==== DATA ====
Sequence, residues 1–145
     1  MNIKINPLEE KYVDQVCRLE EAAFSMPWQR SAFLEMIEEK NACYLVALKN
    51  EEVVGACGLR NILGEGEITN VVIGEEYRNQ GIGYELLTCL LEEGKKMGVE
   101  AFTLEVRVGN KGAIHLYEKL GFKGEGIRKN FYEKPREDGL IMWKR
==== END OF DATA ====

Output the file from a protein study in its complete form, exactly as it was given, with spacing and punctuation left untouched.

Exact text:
Sequence, residues 1–145
     1  MNIKINPLEE KYVDQVCRLE EAAFSMPWQR SAFLEMIEEK NACYLVALKN
    51  EEVVGACGLR NILGEGEITN VVIGEEYRNQ GIGYELLTCL LEEGKKMGVE
   101  AFTLEVRVGN KGAIHLYEKL GFKGEGIRKN FYEKPREDGL IMWKR